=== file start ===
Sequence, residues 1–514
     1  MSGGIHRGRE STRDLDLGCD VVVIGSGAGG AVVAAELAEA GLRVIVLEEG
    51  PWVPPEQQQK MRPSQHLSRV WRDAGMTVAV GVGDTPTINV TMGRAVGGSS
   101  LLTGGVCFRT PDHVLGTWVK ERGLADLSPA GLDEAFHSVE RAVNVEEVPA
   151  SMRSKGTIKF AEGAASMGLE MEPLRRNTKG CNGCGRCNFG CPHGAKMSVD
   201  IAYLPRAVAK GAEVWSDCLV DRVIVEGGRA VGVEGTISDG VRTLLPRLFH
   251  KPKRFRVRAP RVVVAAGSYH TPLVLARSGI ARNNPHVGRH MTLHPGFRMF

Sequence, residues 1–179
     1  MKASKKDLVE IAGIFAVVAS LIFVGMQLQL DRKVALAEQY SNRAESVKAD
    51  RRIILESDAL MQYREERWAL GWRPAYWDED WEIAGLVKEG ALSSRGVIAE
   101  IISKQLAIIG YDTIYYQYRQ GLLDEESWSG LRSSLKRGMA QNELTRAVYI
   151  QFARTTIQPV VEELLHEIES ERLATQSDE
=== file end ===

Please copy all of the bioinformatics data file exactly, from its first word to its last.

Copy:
Sequence, residues 1–514
     1  MSGGIHRGRE STRDLDLGCD VVVIGSGAGG AVVAAELAEA GLRVIVLEEG
    51  PWVPPEQQQK MRPSQHLSRV WRDAGMTVAV GVGDTPTINV TMGRAVGGSS
   101  LLTGGVCFRT PDHVLGTWVK ERGLADLSPA GLDEAFHSVE RAVNVEEVPA
   151  SMRSKGTIKF AEGAASMGLE MEPLRRNTKG CNGCGRCNFG CPHGAKMSVD
   201  IAYLPRAVAK GAEVWSDCLV DRVIVEGGRA VGVEGTISDG VRTLLPRLFH
   251  KPKRFRVRAP RVVVAAGSYH TPLVLARSGI ARNNPHVGRH MTLHPGFRMF

Sequence, residues 1–179
     1  MKASKKDLVE IAGIFAVVAS LIFVGMQLQL DRKVALAEQY SNRAESVKAD
    51  RRIILESDAL MQYREERWAL GWRPAYWDED WEIAGLVKEG ALSSRGVIAE
   101  IISKQLAIIG YDTIYYQYRQ GLLDEESWSG LRSSLKRGMA QNELTRAVYI
   151  QFARTTIQPV VEELLHEIES ERLATQSDE